I NEED HELP WITH THE ID OF THIS RIFLE

Discussion in 'General Military Arms & History Forum' started by atspcrt, Mar 6, 2013.

  1. atspcrt

    atspcrt New Member

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    I NEED HELP WITH A GUN I FOUND IN MY DADS CLOSET
    THE ONLY MARKINGS ON THE RIFLE ARE LOCATED ON THE LEFT SIDE OF THE GUN
    she
    007x57
    x69369
    THERE IS A T INSIDE OF A CIRCLE
  2. Snakedriver

    Snakedriver New Member

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    7 X 57 was a popular caliber in Europe in the late 1800's and early 1900's, so you're probaly looking at some kind of a Mauser rifle. Post some pictures of the rifle so we can get a better feel for what it is. The description is fairly vague.

    This site accepts direct downloads without the need of a hosting website. Size the photos to 800 X 600 pixels for best quality in a .jpg format.

    European Mausers were exported to many South American countries and in the middle east as well, so it could be almost anything.
  3. atspcrt

    atspcrt New Member

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  4. Snakedriver

    Snakedriver New Member

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    Wow, I thought I'd seen them all, but that's one I've never seen before. We have some real experts around here that know way more than me, they'll be along shortly to identify it.

    Is it a bolt action or a semi-auto.? With that box mag, I'm guessing semi..
  5. WHSmithIV

    WHSmithIV Well-Known Member

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    Looks like a Mauser model 1893 or 1904 I think if it's bolt action. A picture of the entire rifle from the left and right sides would help for sure to know what it is. too bad someone painted black paint on it. I'd restore it anyway if the bore is good but stripping that paint off would be a real pain.

    Without being able to clearly identify it there is no way of assigning a probable value to it. However, in the condition it is in the value will not be high.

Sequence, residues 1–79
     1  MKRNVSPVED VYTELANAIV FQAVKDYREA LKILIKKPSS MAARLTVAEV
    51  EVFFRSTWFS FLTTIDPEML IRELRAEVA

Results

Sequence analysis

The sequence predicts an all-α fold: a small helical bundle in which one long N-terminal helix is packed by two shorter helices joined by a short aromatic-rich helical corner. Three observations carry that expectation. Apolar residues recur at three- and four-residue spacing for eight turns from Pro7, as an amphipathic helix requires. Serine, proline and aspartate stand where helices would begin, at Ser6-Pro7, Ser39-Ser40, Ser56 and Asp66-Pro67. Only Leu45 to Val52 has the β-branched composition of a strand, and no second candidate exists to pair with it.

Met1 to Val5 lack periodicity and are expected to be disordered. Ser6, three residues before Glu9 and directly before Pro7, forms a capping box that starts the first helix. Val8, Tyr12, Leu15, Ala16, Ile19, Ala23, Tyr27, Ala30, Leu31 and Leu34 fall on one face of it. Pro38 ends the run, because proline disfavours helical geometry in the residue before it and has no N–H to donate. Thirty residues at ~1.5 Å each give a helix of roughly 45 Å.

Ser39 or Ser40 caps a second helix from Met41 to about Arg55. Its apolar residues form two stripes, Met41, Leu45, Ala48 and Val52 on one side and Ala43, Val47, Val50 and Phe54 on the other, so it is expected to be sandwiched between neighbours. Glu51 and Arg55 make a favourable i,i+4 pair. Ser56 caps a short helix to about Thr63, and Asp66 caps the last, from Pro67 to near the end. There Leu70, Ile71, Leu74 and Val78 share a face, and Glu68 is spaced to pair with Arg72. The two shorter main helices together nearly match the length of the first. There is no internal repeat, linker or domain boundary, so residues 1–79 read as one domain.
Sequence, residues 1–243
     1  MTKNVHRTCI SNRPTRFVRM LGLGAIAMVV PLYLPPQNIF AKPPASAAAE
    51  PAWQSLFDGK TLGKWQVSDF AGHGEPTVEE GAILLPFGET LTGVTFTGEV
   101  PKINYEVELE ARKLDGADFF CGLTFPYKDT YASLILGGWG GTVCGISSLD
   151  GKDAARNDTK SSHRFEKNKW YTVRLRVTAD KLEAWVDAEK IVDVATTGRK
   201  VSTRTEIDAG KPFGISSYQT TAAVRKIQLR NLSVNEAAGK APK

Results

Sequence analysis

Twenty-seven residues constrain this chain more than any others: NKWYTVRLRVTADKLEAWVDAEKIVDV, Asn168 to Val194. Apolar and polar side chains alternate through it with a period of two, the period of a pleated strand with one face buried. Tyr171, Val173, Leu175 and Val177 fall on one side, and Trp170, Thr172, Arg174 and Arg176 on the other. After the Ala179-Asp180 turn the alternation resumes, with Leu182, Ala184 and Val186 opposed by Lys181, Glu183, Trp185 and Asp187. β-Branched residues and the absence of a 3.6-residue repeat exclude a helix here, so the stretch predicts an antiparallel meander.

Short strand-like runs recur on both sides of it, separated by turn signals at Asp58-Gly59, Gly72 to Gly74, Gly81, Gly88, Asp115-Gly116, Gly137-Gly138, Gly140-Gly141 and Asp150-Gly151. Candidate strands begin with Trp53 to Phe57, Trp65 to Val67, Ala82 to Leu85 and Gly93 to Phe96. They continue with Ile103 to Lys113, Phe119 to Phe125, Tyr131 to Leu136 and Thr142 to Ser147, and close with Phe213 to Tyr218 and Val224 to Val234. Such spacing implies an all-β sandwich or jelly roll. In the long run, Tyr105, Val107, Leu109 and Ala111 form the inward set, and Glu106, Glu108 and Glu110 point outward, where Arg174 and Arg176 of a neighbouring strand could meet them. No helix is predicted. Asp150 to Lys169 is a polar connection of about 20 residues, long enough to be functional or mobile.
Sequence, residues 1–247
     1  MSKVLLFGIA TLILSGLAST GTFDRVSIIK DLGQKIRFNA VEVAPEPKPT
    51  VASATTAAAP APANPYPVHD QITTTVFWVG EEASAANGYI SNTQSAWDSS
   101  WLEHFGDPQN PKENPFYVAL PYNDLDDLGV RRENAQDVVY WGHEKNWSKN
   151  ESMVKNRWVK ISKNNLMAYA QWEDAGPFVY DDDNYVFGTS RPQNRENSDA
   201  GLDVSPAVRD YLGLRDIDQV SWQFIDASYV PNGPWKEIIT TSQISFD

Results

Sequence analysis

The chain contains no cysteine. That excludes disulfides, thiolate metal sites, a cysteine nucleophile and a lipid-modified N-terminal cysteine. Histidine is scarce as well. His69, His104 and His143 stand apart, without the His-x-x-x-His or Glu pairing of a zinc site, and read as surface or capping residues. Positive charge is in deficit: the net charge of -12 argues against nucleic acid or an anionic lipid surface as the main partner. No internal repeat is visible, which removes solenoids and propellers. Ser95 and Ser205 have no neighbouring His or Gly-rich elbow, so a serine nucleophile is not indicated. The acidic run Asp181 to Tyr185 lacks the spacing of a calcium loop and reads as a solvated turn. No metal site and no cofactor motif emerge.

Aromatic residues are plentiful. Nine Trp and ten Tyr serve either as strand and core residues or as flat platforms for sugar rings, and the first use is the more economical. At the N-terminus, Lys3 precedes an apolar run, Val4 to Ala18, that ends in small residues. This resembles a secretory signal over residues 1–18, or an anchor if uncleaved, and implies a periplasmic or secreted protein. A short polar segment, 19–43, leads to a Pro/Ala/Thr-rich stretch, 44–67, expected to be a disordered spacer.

The bayonet is unusual since I don't know of any specific models that had a folding bayonet. However, these were made from the late 1800's up until 1935 in 7x57 caliber and were in use by pretty much all South American countries so mods may have been done anywhere by any armory.
    Last edited: Mar 13, 2013
  6. 22WRF

    22WRF Well-Known Member

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    SHE arsenal mark says it's Czech
  7. jim brady

    jim brady Active Member

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    Those are not very complete pictures, but from what I see it looks like it might be Czech. A few were imported back in the 1980s, and it was a very rare caliber (7.62X45 Czech Short M52). As I recall, some outfits sold an adapter for them to fire standard 7.62X39. That adapter (as I recall) was a chamber adapter. The Chech semi auto carbines had a 10 or 15 round detachable mag.

    Not seeing it really well, I don't think it is a 7mm Mauser (7X57). I can be wrong, and it won't be the first time if I am. That stock and side folding bayonet tells me it is post WW2 era.
    Last edited: Mar 13, 2013
  8. WHSmithIV

    WHSmithIV Well-Known Member

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    OK - the bayonet identifies the rifle as a Czech VZ-52 if it's semi-auto. 7x57 is not a caliber the VZ-52 was made for though. The VZ-24 was made in 7x57. That bayonet pic though is specifically the VZ-52 bayonet as is the entire shape of the fore end of the rifle.
  9. atspcrt

    atspcrt New Member

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    It is a semi automatic. my camera died when i took a picture of the other side. i will try and get another picture as soon as i can
  10. WHSmithIV

    WHSmithIV Well-Known Member

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    Then it is the Czech VZ-52. I didn't know of any of them made for 7X57 since they were made for 7.62 x 45. However, they very well could have made them for the south american market since that was a cartridge much in use there. That 007 with the crossed swords followed by 57 may NOT be the caliber marking either.

    Take the magazine out, go to a gun shop and (if they have any), try loading a 7.62x45 cartridge - if that fits basically perfectly then it isn't made for 7x57 which is a longer cartridge.
    Last edited: Mar 13, 2013
  11. nmckenzie

    nmckenzie Well-Known Member

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    I suspect the original 7.62x45 mag box would be too short for the 7x57 round. If anything, the 007 and 57 probably represent serial number and year of manufacture. These rifles were all over the place in Cuba and Central/South America from the '60s onward, as was the ammo. Take a look at any photos snapped of Cuban military formations in Havana, or the Bay of Pigs, and you'll see lots of these rifles, as well as the Czech Sa23 series SMGs.
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